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CEO Mark Fields ‘confirmed with the President-elect that our small Lincoln utility vehicle made at the Louisville assembly plant will stay in Kentucky.’

Clare Goldsberry

November 22, 2016

1 Min Read
Ford staying put in Louisville

Over the weekend, President-elect Donald Trump announced that his “hard work” to convince Ford (Dearborn, MI) not to move its Lincoln manufacturing out of Louisville, KY, had paid off, when CEO Mark Fields called to tell Trump that the company would not move its Lincoln manufacturing to Mexico. However, that’s a bit of a stretch, given that Ford had no plans to move the manufacturing of its large Lincoln vehicles to Mexico.

In an official statement, Ford said: “We continue to engage with President-elect Trump’s team—and the new Congress—as they shape the policy agenda for 2017. We have shared our commitment to continue investing in the U.S. and creating American jobs—building on the $12 billion we have invested in our U.S. plants and the nearly 28,000 U.S. jobs Ford has created in the past five years. Ford continues to employ more American autoworkers and produce more American-made vehicles than anyone.

“Today, we confirmed with the President-elect that our small Lincoln utility vehicle made at the Louisville assembly plant will stay in Kentucky. We are encouraged that President-elect Trump and the new Congress will pursue policies that will improve U.S. competitiveness and make it possible to keep production of this vehicle here in the United States.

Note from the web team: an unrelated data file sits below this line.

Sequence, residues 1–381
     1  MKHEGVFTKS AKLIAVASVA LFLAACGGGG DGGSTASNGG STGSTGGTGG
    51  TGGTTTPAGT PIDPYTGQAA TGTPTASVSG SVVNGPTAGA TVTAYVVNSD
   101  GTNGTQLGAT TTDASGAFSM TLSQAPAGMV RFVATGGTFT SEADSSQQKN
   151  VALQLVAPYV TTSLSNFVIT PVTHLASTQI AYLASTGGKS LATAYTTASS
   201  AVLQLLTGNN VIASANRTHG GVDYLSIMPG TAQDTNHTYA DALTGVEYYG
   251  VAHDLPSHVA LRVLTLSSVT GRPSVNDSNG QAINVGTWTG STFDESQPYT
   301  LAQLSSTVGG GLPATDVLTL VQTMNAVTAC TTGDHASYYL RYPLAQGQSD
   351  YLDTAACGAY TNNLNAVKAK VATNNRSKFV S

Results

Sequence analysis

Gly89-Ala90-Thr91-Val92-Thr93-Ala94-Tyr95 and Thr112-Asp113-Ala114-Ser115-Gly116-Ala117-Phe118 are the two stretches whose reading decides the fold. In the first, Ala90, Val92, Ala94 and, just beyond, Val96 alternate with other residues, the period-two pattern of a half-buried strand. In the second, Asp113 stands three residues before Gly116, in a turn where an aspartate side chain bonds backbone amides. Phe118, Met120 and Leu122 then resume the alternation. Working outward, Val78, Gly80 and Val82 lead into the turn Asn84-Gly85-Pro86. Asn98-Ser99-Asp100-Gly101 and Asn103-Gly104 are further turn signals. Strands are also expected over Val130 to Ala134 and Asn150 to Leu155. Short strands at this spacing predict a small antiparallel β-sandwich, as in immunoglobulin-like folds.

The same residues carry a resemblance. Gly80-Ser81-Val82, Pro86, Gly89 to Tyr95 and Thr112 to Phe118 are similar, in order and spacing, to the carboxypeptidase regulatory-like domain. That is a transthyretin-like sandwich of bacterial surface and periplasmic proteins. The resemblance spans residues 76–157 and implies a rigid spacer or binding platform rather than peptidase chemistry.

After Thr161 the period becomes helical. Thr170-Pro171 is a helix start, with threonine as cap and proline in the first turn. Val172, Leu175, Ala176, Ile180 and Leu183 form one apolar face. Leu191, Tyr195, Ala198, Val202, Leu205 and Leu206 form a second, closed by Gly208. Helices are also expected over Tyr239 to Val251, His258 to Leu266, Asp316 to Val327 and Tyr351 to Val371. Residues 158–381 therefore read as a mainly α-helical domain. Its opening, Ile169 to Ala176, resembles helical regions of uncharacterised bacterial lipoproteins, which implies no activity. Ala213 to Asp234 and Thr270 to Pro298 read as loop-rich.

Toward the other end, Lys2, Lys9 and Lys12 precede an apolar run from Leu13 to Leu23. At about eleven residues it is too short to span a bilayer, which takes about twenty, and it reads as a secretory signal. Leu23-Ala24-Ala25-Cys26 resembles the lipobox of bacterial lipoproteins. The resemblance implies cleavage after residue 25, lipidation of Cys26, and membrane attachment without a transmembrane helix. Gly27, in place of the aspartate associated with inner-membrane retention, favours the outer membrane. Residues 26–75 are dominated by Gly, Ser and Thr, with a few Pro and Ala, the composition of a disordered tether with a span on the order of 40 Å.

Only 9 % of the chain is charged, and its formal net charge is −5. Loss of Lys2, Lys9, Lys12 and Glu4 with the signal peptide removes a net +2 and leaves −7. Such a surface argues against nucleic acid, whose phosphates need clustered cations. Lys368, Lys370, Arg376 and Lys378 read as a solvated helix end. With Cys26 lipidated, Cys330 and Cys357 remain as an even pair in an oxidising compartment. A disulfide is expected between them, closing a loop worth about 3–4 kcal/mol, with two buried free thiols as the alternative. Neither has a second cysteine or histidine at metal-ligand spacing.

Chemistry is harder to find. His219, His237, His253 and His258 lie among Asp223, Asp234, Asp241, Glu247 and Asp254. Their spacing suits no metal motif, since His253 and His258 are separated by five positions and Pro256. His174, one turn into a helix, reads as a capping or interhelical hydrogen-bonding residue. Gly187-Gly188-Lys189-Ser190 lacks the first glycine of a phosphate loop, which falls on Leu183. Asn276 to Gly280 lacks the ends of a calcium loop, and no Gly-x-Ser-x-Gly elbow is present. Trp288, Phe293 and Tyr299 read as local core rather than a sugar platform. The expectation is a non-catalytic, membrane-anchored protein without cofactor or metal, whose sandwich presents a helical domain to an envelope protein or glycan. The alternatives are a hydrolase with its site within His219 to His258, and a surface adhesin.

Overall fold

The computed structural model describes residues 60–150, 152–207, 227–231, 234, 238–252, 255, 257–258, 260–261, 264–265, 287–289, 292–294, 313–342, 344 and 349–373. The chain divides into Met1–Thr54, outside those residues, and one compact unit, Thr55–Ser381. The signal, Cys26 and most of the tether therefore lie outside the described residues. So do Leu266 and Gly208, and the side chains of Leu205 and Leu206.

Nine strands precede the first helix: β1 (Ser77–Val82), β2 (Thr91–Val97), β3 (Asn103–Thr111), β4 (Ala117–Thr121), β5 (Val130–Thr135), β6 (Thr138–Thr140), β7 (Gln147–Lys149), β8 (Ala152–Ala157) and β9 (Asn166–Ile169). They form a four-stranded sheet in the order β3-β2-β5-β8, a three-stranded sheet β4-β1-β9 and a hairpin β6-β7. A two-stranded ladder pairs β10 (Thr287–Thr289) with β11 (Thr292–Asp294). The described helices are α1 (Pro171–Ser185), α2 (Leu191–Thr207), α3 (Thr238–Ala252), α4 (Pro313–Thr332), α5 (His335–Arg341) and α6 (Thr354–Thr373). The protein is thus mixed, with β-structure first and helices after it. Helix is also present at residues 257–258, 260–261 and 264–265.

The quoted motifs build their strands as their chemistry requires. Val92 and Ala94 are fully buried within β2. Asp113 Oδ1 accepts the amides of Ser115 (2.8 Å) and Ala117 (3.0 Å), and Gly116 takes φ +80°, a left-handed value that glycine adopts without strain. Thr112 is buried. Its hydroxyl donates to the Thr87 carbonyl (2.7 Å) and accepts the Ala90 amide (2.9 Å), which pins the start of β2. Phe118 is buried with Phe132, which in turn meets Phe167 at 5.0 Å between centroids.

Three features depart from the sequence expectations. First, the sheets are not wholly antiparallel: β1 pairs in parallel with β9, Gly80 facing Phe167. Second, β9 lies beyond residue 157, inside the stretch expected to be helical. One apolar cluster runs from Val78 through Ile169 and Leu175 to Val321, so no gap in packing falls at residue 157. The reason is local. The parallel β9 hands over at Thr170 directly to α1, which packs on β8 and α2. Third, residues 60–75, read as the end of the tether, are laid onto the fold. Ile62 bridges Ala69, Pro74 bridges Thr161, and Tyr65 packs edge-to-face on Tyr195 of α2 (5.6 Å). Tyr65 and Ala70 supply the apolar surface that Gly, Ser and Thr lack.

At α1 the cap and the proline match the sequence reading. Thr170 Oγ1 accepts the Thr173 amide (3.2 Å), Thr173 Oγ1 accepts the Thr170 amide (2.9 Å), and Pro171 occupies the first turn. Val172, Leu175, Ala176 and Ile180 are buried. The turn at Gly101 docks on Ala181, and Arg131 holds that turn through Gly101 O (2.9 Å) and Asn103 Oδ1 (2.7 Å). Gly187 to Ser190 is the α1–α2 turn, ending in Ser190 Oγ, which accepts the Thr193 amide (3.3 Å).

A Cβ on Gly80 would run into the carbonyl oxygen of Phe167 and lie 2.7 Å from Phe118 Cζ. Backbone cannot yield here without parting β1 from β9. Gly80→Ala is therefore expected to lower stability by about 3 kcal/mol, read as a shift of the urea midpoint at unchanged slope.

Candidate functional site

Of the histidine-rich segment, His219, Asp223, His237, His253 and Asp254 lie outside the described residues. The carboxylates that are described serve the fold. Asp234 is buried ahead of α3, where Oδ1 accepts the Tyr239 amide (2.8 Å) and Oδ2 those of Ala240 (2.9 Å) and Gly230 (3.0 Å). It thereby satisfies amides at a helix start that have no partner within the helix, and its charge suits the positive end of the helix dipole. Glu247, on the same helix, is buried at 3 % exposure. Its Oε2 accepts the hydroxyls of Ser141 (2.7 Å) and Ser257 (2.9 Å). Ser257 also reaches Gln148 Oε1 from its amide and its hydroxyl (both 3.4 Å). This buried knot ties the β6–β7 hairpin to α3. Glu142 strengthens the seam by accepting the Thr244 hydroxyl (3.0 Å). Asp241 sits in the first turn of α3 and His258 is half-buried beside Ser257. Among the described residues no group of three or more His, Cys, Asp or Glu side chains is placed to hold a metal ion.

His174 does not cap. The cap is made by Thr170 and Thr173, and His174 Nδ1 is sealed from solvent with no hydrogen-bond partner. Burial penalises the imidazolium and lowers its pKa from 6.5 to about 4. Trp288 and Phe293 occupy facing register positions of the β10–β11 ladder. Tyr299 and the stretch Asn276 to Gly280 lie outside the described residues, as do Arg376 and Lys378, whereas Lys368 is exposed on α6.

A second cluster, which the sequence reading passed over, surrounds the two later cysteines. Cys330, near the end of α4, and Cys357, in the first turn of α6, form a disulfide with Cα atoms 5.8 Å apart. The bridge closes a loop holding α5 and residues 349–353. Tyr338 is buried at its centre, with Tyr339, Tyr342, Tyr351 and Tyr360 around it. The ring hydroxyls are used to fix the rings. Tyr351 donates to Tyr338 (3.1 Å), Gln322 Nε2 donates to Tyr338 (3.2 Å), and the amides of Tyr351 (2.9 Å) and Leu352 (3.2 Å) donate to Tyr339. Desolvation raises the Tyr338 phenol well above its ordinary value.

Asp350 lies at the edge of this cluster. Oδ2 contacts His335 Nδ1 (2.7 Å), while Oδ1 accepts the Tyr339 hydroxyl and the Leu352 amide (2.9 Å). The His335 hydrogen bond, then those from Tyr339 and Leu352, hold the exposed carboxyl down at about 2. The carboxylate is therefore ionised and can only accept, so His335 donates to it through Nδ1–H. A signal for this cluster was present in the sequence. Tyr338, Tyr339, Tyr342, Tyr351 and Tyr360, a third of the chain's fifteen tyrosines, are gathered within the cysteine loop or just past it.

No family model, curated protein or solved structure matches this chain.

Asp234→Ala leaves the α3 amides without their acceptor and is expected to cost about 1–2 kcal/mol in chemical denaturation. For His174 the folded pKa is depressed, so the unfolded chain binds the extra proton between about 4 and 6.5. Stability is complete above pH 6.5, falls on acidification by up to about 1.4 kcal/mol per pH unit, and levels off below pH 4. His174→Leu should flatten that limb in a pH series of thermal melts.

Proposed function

“We will have more details to share on our future plans at the appropriate time.”

In an interview at the Los Angeles Auto Show last week, Fields commented on the company’s future working with the Trump administration and Congress, noting that the company “wants fuel economy regulations that are aligned with market realities.”

About the Author(s)

Clare Goldsberry

Until she retired in September 2021, Clare Goldsberry reported on the plastics industry for more than 30 years. In addition to the 10,000+ articles she has written, by her own estimation, she is the author of several books, including The Business of Injection Molding: How to succeed as a custom molder and Purchasing Injection Molds: A buyers guide. Goldsberry is a member of the Plastics Pioneers Association. She reflected on her long career in "Time to Say Good-Bye."

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